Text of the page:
A third component for a vision to redress the slide into privatised power and money must be the restoration of the high ideal of public service. Currently, putting some of the largest US healthcare corporations in charge of commissioning the bulk of NHS services and spreading privately sponsored academies throughout the education system has, on all the empirical evidence, much more to do with market dogma and business lobbying than with improving performance on the ground. Equally, cutting Council house-building to just 200 a year (it was 14,000 in Thatcher’s last year), insisting on owner occupation as the keystone for government action when a quarter of the population can never afford it, privatising the probation service and other parts of the criminal justice system, and outsourcing local government to private Strategic Services Development Partnerships are undermining the whole ideal of public service – its accountability, equity, universality, professionalism, and altruism – which underpins the best of British society. The time for a counter-revolution here is now.
Class is everywhere redolent throughout Britain today, and these three goals would address it. But a fourth – making a world that is safe and sustainable for our children – is overriding and would inspire all classes. Yet government clearly does not accord it the centrality it deserves. Once again the power of the old vested interests obtrudes, which explains why preference is given to tripling airport capacity, promoting a third runway at Heathrow, undermining EU renewable energy targets, cancelling a requirement on the top thousand companies to report annually on their carbon emissions, and deferring household carbon allowances. This is so short-sighted. The fight against engulfing climate change is so imperative that it must rapidly transform the global economy towards a non-fossil fuels civilisation. A government that genuinely displayed world leadership here, in action not just in rhetoric, could arouse a positive political appeal that would be overwhelming. Are we ready?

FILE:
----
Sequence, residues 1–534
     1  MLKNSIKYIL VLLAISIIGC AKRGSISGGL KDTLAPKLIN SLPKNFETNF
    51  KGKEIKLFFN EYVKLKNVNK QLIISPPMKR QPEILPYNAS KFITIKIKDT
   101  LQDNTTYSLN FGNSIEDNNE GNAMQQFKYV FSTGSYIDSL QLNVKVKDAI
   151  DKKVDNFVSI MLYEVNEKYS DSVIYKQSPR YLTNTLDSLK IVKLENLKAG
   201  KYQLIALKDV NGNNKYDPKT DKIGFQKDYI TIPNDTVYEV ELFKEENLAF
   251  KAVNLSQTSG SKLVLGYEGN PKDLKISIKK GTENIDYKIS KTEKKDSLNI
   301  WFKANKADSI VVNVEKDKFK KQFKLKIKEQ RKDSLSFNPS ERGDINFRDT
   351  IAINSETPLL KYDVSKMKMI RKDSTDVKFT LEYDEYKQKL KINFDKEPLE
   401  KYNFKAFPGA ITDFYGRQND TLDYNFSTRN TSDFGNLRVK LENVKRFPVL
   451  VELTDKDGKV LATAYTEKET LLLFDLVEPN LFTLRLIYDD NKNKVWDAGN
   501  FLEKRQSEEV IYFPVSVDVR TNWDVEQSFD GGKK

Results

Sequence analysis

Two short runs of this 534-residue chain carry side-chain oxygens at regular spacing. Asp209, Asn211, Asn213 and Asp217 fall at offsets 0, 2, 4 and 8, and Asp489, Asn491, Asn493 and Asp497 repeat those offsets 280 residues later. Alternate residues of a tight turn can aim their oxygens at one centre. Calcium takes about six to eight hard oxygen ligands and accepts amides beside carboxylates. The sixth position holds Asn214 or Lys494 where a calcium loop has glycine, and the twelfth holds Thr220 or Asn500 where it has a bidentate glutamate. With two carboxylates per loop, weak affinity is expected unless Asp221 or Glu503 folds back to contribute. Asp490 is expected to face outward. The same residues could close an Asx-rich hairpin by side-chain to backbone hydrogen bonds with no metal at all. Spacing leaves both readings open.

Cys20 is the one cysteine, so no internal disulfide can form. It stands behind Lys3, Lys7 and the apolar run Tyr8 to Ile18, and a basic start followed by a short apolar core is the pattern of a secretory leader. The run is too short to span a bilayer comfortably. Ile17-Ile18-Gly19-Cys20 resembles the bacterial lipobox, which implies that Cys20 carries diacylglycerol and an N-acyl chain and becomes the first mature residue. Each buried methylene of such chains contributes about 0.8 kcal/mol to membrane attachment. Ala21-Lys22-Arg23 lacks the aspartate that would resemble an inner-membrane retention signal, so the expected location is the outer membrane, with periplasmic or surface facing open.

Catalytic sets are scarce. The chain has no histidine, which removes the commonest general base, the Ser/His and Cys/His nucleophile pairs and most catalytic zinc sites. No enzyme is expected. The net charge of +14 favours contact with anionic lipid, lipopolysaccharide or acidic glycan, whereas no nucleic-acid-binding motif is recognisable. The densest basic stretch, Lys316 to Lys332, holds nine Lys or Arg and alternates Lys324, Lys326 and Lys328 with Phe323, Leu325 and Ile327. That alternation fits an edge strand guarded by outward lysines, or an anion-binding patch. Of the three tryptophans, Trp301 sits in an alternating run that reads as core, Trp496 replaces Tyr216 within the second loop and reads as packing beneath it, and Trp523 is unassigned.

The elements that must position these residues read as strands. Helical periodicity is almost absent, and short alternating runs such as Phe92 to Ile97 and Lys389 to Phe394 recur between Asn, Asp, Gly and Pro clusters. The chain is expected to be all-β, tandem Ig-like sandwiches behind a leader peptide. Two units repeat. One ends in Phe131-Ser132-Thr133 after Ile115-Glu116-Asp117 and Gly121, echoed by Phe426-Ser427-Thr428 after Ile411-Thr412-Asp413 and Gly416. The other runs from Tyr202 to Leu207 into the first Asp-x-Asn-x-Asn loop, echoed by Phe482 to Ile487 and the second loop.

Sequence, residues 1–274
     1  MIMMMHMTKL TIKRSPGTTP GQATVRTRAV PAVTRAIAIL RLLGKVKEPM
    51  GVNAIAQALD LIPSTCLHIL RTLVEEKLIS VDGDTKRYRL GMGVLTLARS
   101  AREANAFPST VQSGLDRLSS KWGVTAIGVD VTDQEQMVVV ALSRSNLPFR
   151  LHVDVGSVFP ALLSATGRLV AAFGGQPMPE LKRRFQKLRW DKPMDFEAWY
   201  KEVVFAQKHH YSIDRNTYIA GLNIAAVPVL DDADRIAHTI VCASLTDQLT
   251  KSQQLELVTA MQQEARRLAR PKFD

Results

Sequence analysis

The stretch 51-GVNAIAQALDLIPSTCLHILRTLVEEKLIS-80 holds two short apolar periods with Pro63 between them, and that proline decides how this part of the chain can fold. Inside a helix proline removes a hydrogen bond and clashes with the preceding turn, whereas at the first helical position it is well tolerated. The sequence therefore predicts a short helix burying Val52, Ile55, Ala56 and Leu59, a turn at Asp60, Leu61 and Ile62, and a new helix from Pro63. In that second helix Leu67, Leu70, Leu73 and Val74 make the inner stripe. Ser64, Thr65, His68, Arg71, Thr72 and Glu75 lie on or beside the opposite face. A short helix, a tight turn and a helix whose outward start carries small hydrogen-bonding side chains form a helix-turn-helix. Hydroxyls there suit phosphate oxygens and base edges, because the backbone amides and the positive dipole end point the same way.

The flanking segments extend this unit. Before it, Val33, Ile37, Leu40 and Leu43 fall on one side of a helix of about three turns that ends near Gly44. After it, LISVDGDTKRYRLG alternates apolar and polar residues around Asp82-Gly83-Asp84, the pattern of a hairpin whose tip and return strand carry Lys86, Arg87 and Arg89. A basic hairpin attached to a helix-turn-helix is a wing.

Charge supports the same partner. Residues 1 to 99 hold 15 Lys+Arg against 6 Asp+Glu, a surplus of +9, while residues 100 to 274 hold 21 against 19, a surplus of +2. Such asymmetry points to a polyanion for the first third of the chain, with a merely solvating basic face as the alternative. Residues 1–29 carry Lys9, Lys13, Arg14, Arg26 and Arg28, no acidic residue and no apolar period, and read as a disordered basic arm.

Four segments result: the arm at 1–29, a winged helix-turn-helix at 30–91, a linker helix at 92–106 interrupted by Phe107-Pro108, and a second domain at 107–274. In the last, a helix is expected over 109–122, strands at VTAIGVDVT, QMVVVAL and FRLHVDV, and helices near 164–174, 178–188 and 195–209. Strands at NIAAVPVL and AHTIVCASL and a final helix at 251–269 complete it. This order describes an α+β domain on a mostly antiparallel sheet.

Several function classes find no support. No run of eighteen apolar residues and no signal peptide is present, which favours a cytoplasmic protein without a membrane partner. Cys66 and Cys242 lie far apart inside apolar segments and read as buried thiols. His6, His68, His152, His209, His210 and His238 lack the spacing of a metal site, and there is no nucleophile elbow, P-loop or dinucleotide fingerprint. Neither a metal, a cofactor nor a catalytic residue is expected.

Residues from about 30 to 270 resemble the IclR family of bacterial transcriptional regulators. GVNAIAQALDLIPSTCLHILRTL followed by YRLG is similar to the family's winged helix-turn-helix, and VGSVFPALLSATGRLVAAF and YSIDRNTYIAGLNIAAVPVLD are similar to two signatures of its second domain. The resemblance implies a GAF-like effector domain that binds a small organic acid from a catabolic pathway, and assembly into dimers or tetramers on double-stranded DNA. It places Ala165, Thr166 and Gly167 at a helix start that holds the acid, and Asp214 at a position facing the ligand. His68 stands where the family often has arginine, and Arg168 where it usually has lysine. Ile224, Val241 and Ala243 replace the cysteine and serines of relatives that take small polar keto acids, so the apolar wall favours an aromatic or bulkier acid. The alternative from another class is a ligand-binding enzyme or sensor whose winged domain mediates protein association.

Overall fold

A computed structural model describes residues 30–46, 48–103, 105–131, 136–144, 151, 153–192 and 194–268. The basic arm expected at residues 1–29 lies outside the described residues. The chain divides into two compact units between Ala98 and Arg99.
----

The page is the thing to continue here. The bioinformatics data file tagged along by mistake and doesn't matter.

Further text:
This article appeared in Tribune on 15 December 2007.
On 9 December, I attended a mass rally in Grosvenor Square to call attention to the threat that climate change presents to us today. It was great to see 5,000 people there, marching to highlight the biggest single threat facing the planet at the time of world conference now taking place at Bali, demanding much tougher action both here in the UK and abroad.
We are making progress. Now that Australia has removed John Howard from office and ratified the Kyoto Protocol, we must hope that the US does the same. The US, with only 5% of the world population, is causing 25% of global warming damage. As the Bush presidency comes to an end, the US should only elect a president who is fully committed to international action to stop climate change, and to take the lead in making necessary and drastic cuts in carbon emissions.
Even Bush’s climate change guru, James Hansen, has admitted that we have at most 10 years to make the drastic cuts necessary to head off the worst effects of climate change.
Yet global emissions have actually risen since Kyoto, and that is why we must cut 50% of current carbon emissions by 2030, and move to cut 80% (or even 90%) cuts by 2050.
Emissions are still rising fast across the world because only 30 countries have committed themselves to making carbon emission cuts in the Kyoto Protocol, not the other 150 which include China, India, Brazil, Indonesia, and Mexico. But they’ve made clear they are only prepared to cut their emissions if we rich countries take the lead, because we caused the problem and should fix it first – and they’re right.
Our second demand to the UK, EU, and the rest is – show some real leadership.
Rhetoric is not enough – we need a lot more action.
So today, we need to demand the following from the British government:
1. Our carbon emissions in the UK have actually risen since 1997, not fallen. There is no sense in setting ever tougher targets for 50 years if we haven’t made any significant cuts to our carbon emissions in the last 10 years. If we expect developing countries to cut their emissions, we’ve got to cut ours first – and massively.